• Kathryn Agar (Chicago, IL)
  • Floreida Batson (New Orleans, LA)
  • Maybelle Gilliland (Bogota, NJ)
  • Lucile Godbold (Estill, SC)
  • Esther Greene (Canal Zone, Panama)
  • Anne Harwick (Jacksonville, FL)
  • Frances Mead (Tarrytown, NY)
  • Maud Rosenbaum (Chicago, IL)
  • Camille Sabie (Newark, NJ)
  • Janet Snow (Rye, NY)
  • Elizabeth Stine (Bogota, NJ)
  • Louise Voorhees (Long Island, NY)
  • Nancy Voorhees (Long Island, NY)

    Notable People, places:

  • Lucy Fletcher (Greensboro, FL)
  • Helen Krepps (Cleveland, OH)
  • Mme. Alice Milliat
  • Winifred Edgerton Merrill
  • Suzanne Becker Young
  • Coach Joseph D'Angola
  • Oaksmere School
  • Mary Lines
  • Sophie Elliott Lynn
  • They Set the Mark: United States teammates who competed in the First International Track Meet for Women

    Pershing Stadium, Paris, France,
    August 20, 1922.

    On Sunday, August 20, 1922, history was made in women's track and field at an international meet in Paris, France. Not only were there eighteen world records set, but the team of women from the United States made history by competing at all. Never before had a team of women from the US competed in track and field on the international level. Pictured are:(standing L to R): Lucile Godbold, Frances Mead, Nancy Voorhees, Assistant Coach Suzanne Becker, Louise Voorhees, Ann Harwick, Esther Green. (kneeling L to R): Maybelle Gilliland, Elizabeth Stine, Florida Batson, Janet Snow, Camille Sabie. Kathryn Agar (Chicago, IL) is not in the picture but was on board
    and Maud Rosenbaum (Chicago, IL) was already in Paris.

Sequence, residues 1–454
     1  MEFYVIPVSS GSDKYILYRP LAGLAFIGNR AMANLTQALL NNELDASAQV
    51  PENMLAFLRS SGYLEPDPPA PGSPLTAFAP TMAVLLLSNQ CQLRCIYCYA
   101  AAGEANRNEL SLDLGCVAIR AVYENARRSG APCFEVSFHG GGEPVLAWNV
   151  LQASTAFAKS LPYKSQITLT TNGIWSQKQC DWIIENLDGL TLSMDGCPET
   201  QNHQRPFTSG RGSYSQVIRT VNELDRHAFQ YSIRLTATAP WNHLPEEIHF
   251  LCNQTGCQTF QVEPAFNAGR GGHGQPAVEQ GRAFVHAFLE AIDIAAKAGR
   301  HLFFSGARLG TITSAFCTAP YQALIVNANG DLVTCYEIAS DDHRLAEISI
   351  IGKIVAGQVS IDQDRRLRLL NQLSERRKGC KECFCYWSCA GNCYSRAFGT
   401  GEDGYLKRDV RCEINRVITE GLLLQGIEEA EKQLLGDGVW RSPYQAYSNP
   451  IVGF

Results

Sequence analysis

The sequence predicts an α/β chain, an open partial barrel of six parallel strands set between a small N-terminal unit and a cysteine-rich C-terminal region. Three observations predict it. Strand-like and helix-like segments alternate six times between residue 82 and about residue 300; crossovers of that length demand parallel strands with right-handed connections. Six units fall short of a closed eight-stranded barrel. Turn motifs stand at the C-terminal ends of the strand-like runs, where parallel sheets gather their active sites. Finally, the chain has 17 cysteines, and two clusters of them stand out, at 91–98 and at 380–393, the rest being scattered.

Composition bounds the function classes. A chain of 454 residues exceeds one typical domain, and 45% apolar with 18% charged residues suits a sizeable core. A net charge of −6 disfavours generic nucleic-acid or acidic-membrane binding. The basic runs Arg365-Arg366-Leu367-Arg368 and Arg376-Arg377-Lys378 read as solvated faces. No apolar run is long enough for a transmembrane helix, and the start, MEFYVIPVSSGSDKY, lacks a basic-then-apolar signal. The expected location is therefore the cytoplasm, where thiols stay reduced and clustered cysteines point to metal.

The daunting effort to bring a team to Paris was headed by Dr. Harry Eaton Stewart. Thirteen US women competed in eleven events against competition from Great Britain, France, Switzerland, and Czechoslovakia. The United States also demonstrated the hop, step, and jump, the basketball and baseball throws after the Meet. The Meet was organized by Mme. Alice Milliat and the the Federation Sportive Feminine Internationale (FSFI) of France after the International Olympic Committee refused to include women's track and field events in the 1920 Olympic Games. The Meet was commonly referred to in that day as the Women's Olymic Games. The U.S. team placed second to the more experienced team from Great Britain.

    This photograph shows 11 of 13 athletes and one assistant coach aboard
    the Cunard Liner Aquitania as it sailed from New York to Cherbourg, France.

    Learn more about these pioneers in athletics:
    Meet the team members
    Read newspaper accounts of the International Meet
    Results from the First International Track Meet for Women
    Official List of Contenstants from Program
    Watch Miss Ludy talk about the 1922 Olympics

    by Jane P. Tuttle
    Head User Services Librarian
    Edens Library, Columbia College, Columbia, South Carolina, U.S.A. (803) 786-3337

    Please contact me at if you have any additional information about the team members.

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    © Jane Tuttle. 2002. All Rights Reserved.